One of the features that makes Lucida unique is that it stores the 3D information in the form of raw tonal video. Storing data in raw video means that it will be possible for it to be re-processed at a higher resolution or with further developed technologies in the future. This is a radical innovation that reflects a deep understanding of the needs of the conservation community. Other scanning systems process the recorded data into a three-dimensional point cloud and mesh as it is being recorded. This is an irreversible abstraction that results in a permanent loss of information. Lucida stores raw video while at the same time generating a series of files: AVI (Video), RIS (3D), TIFF 32 bit and 16 bit (greyscale depthmap) and TIFF 8 bit(shaded rendering).

The Triumph of the Eucharist over Idolatry 3D render, detail of the panel's perimeter

The Triumph of the Eucharist over Idolatry 3D render, detail of cracks and paintbrush relief

A physical viewer of the above data was prepared for a meeting with Museo del Prado.

Manuel Franquelo explaining the details of his new design to Dwight Perry and Carlos Bayod

Franquelo's design of the new laser diode set

Franquelo's design of the new laser diode set

Franquelo's design of the scanning head, machined by Dwight Perry

Franquelo's design of the scanning head, machined by Dwight Perry

Lucida 3D scanner's final design, detail of the scanning head

Lucida 3D scanner's final design, detail of the scanning head

Video showing the Lucida 3D scanner recording the surface of a canvas

A portrait of the Lucida 3D scanner

A second innovation is the use of increasingly powerful image-stitching software as an integral part of the process (Adobe Photoshop and/or PTGui). After the RIS file has been edited (to fill holes and remove noise) the shaded rendering is corrected using homography (projective geometry), stitched and then ‘switched’ for the 32 bit greyscale data that contains the depth information. This ‘edited’, ‘merged’ and ‘aligned’ file can be exported into software like Artcam (.stl or .obj) and used to re-materialise the 3D data as a physical form with the surface character of the original. It is by virtue of these steps that the recorded data can be processed and accessed without specialised 3D software that tend to be costly and require regular, often expensive, updates.

Hereford Mappa Mundi: detaill of the 3D render generated by Lucida

CNC routing the surface of the Hereford Mappa Mundi in high resolution

Plaster cast of the surface, converting the map into a high resolution tactile object

As the file is an image file it can be integrated with other image files to produce accurately aligned multi-layered browsers that can integrate infra-red, X-ray, colour and other types of information in conservators' reports, historical images and various forms of forensically accurate analysis. Multi-layered files are proving to be very helpful to researchers and conservators as they provide an accurate, objective and meaningful method for monitoring the condition of the artwork.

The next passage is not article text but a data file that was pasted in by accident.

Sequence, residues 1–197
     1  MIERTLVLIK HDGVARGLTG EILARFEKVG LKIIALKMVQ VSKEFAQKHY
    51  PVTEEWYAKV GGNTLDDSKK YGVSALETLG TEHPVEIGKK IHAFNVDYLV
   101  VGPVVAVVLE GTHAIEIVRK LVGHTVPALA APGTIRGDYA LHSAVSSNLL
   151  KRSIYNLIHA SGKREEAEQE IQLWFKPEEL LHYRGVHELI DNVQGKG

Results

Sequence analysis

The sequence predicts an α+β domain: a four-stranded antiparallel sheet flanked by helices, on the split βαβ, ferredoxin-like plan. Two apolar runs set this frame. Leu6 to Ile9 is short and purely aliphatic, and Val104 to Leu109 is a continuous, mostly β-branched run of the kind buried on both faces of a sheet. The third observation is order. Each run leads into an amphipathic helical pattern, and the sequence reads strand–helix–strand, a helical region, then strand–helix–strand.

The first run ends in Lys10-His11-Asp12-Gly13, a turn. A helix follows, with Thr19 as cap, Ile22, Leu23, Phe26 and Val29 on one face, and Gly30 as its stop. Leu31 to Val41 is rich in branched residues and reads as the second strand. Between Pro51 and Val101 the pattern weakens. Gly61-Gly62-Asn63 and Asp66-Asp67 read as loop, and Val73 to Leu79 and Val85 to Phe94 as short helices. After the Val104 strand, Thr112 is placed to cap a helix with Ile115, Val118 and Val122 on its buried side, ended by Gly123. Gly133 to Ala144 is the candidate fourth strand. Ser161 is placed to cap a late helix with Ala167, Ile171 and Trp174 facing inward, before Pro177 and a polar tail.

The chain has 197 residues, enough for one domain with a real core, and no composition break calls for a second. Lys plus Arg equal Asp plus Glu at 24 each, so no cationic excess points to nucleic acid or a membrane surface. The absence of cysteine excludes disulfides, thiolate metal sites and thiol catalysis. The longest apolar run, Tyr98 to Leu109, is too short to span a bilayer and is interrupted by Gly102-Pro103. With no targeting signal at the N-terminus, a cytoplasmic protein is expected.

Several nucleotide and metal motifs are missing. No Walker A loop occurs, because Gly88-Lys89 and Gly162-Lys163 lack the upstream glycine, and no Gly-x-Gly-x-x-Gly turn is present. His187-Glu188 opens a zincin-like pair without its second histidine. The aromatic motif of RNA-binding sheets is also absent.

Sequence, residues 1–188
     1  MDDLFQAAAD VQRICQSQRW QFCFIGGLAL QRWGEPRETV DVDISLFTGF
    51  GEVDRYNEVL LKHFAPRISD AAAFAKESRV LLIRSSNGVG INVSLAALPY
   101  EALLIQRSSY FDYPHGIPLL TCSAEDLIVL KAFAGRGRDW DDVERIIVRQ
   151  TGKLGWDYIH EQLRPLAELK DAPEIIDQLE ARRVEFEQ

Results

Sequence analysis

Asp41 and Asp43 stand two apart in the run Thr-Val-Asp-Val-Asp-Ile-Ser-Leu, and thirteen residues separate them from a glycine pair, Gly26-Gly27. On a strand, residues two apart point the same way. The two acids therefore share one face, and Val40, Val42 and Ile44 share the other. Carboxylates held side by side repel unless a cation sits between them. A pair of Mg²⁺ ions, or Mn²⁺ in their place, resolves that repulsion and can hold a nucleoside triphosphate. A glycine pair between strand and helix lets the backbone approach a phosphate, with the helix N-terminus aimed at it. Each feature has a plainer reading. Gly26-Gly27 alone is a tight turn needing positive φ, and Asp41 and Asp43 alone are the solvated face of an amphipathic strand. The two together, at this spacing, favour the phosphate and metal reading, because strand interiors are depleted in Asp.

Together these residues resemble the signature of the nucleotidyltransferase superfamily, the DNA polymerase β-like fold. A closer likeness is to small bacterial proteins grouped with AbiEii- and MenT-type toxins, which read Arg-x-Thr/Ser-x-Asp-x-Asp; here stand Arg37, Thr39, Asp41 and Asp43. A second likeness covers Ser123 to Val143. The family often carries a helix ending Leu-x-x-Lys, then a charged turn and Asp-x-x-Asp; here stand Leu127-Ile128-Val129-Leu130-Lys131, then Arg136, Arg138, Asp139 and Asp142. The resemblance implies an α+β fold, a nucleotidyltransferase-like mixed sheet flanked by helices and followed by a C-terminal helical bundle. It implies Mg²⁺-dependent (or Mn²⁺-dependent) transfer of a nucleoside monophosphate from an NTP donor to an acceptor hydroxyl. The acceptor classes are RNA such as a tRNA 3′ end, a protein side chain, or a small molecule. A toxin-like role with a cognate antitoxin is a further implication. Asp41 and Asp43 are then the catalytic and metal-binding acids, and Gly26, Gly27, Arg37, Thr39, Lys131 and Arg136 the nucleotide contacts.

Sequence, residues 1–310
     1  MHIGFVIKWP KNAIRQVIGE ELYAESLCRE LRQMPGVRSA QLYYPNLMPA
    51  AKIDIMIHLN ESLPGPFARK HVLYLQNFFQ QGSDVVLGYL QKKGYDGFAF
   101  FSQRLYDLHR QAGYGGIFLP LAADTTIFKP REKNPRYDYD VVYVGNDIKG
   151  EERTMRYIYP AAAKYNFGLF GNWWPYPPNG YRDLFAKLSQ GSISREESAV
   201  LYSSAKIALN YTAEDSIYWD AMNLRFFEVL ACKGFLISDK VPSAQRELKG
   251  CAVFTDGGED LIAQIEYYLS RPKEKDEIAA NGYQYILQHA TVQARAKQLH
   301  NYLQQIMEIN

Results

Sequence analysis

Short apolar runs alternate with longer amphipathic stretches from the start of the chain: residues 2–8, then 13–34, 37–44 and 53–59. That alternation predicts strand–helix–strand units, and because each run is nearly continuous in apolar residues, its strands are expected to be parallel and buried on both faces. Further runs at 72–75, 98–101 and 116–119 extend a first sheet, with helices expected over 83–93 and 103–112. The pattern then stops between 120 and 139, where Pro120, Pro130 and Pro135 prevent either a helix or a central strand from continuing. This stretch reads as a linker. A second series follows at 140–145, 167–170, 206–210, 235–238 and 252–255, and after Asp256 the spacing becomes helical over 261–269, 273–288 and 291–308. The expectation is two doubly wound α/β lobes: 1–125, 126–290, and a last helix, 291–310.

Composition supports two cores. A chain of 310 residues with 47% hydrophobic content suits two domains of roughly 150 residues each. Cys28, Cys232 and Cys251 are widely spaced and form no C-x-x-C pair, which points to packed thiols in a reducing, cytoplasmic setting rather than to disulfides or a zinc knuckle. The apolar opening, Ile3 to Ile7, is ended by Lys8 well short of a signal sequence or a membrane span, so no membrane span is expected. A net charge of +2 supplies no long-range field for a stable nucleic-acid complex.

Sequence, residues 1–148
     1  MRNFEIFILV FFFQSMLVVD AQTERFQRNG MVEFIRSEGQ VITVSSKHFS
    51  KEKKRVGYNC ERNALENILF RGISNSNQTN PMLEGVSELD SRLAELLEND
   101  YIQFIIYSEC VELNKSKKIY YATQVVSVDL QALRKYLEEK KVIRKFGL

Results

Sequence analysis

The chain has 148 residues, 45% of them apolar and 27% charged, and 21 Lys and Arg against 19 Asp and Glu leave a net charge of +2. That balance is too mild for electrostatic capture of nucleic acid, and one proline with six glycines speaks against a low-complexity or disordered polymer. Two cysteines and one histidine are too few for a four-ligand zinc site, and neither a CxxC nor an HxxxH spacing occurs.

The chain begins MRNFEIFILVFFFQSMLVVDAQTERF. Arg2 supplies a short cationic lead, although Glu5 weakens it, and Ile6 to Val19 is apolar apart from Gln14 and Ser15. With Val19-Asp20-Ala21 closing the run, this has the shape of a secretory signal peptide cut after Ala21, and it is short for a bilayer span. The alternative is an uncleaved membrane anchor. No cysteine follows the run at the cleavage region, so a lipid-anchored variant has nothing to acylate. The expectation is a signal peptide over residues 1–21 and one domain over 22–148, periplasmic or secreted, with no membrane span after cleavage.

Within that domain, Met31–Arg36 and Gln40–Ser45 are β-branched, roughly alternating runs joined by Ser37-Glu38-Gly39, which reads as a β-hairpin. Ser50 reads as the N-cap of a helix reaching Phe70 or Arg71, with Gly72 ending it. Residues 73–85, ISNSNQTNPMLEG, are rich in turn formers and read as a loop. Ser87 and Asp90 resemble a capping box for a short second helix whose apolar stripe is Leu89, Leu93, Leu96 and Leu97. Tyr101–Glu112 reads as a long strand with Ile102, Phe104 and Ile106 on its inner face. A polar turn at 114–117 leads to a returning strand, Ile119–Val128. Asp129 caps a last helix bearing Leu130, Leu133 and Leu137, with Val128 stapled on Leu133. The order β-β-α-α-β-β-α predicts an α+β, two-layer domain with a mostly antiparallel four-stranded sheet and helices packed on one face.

The software has been programmed by Manuel Franquelo. Jorge Cano has developed the graphic user interface.

The new graphic user interface is extremely intuitive and easy to use.

This animation represents a single object scanned at different distances thanks to the recently added Z axis. Then, the successive data can be integrated using another program. The result is as if the depth of field of the scanner had been increased, allowing us to record objects with deeper relief.

After many years of development the Factum Foundation, Manuel Franquelo and Factum Arte have been able to develop a 3D scanning system that is easy to understand, easy to use and easily transportable. The Lucida can be operated by anyone with a good understanding of image processing and only a basic training in 3D software.

Lucida 3D Scanner

Lucida 3D Scanner

Lucida 3D Scanner

Lucida 3D Scanner

Detail of the 3D Lucida Scanner

Detail of the 3D Lucida Scanner

Detail of the 3D Lucida Scanner

Read the Lucida 3D Scanner's training guides in English:
Training guide I: Assembly instructions
Training guide II: Operator's manual
Training guide III: Processing applications
Training guide IV: Appendix
Edition on Selected projects I

Read the Arabic edition here.

The development phase is coming to an end and the Factum Foundation is now ready to initiate a transfer of technologies and skills to the museums and institutions around the world. Hence, it will contribute to the conservation, the documentation and diffusion of the Artistic and Cultural Heritage. The Lucida 3D scanner has already been used to record artworks in the Museo del Prado in Madrid, The National Gallery in London, the Vatican Museums, the Pinacoteca di Brera in Milan, the Courtauld Institute of London, the Ashmolean Museum Oxford, and many others. The quality of this system’s capabilities has been clearly demonstrated and new scanners are now being milled and assembled in Factum Arte’s workshops.

Video of the presentation of the Lucida Lab Milano on 10 March 2015


Manuel Franquelo: Concept and design of electronics, mechanics, optics, and software.

Fabricated and tested in Factum Arte by Carlos Bayod, Jorge Cano, Dwight Perry, Carlos Alonso, Nicolás Díez, Manuel Franquelo Jr, Guendalina Damone, Enrique Esteban and Aliaa Ismail under the supervision of Manuel Franquelo.